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Discussion Starter #1 (Edited)
Maybe my search foo is off today but while I found several of threads on tooth bars I haven't found one that answers my question. Most threads discuss the bar's ability to break through hard soil, which I understand is the primary reason for a tooth bar, but initially at least I plan to use it for brush removal (honeysuckle, raspberries, wild roses, etc.) and maybe some small <2" diameter saplings. The Piranha bar looks like it would be good for shearing these guys off at ground level or just below while the Heavy Hitch looks like it would be good for getting under and ripping out the roots as well. Ultimately I plan to get a root grapple but until Deere makes the 3rd mid SCV kit available for the 1 series I'll be using the bucket.

Any chance I can get some feedback from folks who've used their tooth bars for brush removal, which bar they have and how well it worked?

Thanks
 
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I have the Piranha bar on my bucket and it shears through very few plants. In most cases it causes the plants to bend over, the teeth cut in to the stem length-wise and it ends up ripping up the entire plant by it's roots.
 

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Something else to consider is a Ratchet Rake. They are designed to strap on a bucket cutting edge.
 
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I agree 100% with Jim. I have the Piranha bar and it does a good job clearing brush and plants. I was going to buy the Heavy Hitch toothbar but if I recall the wait was 3 or more weeks when the P toothbar was ready in a few days.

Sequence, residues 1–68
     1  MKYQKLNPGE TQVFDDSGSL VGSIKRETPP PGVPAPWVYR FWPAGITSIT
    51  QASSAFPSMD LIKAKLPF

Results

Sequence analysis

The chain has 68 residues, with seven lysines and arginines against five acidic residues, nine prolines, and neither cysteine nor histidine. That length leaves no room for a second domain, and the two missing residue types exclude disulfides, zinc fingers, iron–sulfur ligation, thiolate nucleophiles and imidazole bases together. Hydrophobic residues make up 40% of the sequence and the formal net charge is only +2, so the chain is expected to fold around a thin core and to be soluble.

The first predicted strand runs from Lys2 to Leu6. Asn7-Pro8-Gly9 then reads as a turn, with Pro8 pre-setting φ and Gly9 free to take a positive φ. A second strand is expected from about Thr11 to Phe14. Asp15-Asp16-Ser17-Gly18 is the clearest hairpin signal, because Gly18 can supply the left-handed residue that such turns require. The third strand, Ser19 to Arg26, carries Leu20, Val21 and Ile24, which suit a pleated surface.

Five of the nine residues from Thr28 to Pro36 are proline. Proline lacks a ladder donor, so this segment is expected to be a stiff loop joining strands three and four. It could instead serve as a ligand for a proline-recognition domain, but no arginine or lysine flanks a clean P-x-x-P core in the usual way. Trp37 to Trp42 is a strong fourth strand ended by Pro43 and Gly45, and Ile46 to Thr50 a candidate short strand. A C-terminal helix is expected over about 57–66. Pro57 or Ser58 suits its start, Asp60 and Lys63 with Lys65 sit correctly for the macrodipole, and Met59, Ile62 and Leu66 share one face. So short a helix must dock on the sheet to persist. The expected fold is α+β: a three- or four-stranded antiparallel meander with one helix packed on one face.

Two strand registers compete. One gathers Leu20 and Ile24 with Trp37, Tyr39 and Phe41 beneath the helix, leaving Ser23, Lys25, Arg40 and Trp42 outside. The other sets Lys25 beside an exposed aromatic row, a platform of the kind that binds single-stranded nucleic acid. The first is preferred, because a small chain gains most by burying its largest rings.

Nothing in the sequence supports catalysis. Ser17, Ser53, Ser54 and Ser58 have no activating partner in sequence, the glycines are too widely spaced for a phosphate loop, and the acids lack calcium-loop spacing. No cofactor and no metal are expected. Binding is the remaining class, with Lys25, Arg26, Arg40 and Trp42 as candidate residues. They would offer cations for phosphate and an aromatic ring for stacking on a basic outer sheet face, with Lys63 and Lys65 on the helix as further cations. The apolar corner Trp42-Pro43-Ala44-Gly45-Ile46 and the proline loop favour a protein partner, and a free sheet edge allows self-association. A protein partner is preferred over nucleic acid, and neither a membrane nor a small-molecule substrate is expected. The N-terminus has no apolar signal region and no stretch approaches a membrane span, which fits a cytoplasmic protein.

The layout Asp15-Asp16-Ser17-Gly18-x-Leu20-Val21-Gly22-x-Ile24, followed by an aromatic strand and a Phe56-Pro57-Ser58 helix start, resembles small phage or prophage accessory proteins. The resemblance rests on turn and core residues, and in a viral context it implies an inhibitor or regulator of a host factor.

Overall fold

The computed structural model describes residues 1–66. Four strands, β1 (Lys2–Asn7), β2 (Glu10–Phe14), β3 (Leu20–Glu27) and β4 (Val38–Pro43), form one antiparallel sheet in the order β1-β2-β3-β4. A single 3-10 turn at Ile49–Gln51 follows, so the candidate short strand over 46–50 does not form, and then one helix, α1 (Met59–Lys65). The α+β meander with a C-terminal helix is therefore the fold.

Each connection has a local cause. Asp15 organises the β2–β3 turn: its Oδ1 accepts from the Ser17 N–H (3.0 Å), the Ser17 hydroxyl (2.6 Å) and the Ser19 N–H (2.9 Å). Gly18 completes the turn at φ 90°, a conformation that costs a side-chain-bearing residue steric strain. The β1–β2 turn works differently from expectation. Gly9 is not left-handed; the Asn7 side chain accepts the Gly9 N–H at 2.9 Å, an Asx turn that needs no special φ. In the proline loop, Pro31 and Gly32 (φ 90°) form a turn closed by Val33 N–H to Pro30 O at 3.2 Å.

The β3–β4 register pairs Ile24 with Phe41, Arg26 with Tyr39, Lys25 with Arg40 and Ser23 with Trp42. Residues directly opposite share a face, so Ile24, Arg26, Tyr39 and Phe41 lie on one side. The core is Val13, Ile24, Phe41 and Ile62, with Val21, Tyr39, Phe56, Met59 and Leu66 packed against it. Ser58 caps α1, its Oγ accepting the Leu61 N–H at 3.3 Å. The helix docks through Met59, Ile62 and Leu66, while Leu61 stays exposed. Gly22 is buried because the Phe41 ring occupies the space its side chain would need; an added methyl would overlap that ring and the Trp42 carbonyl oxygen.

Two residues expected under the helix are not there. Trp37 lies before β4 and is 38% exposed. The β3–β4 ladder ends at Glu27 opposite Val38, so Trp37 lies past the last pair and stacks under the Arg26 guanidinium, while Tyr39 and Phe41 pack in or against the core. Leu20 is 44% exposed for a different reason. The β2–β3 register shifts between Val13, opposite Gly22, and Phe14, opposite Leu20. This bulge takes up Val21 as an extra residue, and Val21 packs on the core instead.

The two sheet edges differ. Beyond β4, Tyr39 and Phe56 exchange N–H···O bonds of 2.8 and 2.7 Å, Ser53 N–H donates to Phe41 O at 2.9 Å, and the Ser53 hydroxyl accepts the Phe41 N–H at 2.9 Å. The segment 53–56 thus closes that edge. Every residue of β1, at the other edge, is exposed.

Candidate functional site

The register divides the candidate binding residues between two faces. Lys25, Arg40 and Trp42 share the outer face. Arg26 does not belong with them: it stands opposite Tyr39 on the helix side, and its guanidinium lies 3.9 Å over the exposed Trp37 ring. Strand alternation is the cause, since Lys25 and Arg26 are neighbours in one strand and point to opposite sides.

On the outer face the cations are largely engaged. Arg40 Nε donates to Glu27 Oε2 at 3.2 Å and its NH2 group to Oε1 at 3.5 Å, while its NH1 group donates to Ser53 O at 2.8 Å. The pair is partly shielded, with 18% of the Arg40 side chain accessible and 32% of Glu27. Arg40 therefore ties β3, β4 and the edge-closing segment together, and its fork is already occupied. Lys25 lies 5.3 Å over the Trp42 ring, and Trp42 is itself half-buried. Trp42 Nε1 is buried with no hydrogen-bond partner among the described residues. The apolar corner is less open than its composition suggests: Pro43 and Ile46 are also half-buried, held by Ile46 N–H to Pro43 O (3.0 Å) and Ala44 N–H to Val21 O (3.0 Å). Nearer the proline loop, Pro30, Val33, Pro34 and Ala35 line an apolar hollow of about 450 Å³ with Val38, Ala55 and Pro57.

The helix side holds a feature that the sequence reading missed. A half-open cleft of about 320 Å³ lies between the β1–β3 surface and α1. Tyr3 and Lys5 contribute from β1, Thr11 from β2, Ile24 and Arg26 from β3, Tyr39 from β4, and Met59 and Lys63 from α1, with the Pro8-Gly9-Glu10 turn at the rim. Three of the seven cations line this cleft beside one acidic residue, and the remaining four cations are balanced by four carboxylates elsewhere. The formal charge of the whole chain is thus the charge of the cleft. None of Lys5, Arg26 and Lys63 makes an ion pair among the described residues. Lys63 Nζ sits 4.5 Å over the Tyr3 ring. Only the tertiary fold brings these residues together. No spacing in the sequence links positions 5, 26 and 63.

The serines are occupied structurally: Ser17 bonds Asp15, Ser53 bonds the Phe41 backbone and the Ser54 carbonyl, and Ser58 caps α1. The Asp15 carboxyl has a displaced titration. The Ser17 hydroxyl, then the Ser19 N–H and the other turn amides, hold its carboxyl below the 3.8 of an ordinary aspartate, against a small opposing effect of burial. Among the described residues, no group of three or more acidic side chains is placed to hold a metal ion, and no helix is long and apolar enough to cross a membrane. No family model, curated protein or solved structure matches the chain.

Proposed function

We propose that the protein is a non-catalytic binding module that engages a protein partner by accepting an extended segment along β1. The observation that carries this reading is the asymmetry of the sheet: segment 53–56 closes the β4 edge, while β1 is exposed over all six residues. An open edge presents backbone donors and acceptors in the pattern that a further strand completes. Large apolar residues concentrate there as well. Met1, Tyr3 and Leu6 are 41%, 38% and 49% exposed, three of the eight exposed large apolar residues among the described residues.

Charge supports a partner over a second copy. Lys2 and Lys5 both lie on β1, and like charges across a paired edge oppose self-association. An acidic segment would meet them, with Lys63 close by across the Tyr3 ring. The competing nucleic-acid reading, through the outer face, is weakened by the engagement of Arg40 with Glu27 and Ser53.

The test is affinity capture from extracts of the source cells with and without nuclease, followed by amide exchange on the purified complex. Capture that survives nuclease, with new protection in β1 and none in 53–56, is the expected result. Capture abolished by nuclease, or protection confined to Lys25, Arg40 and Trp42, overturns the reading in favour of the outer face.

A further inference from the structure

I have dug out a few stumps 4-10” diameter and it took awhile but got the job done. I do believe the HH toothbar would have been faster doing the same job. All depends on how much digging you will need to do.
 

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I’ve cleared about 2 acres of brush like you are talking about. I have just a standard welded toothbar - no such thing as Pirhanna, bolt on hooks, etc back in my time....

Mine looks like this -

ADDF6152-BF34-4E30-9970-33DE4D2AF02D.jpeg

What I did was get my bucket edge down about 2” below grade at a perpendicular angle - then just go. All that brush, jagger bushes, and saplings came right up by the roots. I had my brush hog running on the back which chopped everything up. Of course it took subsequent passes with the brush hog and hauling away the debris but I now mow this area with a finish mower.

As was said above - brush like this is very flexible will likely just get pushed over if your bucket is above ground. Other than mechanical means (cutting the stuff up by hand) I don’t see any other way.
 

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I have pulled those and other unknown shrubs out with my heavy hitch toothbar, with great succuss. The one thing I like the HH is it gets right under and pulls root and all rather than shearing them off.
 

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Maybe my search foo is off today but while I found several of threads on tooth bars I haven't found one that answers my question. Most threads discuss the bar's ability to break through hard soil, which I understand is the primary reason for a tooth bar, but initially at least I plan to use it for brush removal (honeysuckle, raspberries, wild roses, etc.) and maybe some small <2" diameter saplings. The Piranha bar looks like it would be good for shearing these guys off at ground level or just below while the Heavy Hitch looks like it would be good for getting under and ripping them out the roots as well. Ultimately I plan to get a root grapple but until Deere makes the 3rd mid SCV kit available for the 1 series I'll be using the bucket.

Any chance I can get some feedback from folks who've used their tooth bars for brush removal, which bar they have and how well it worked?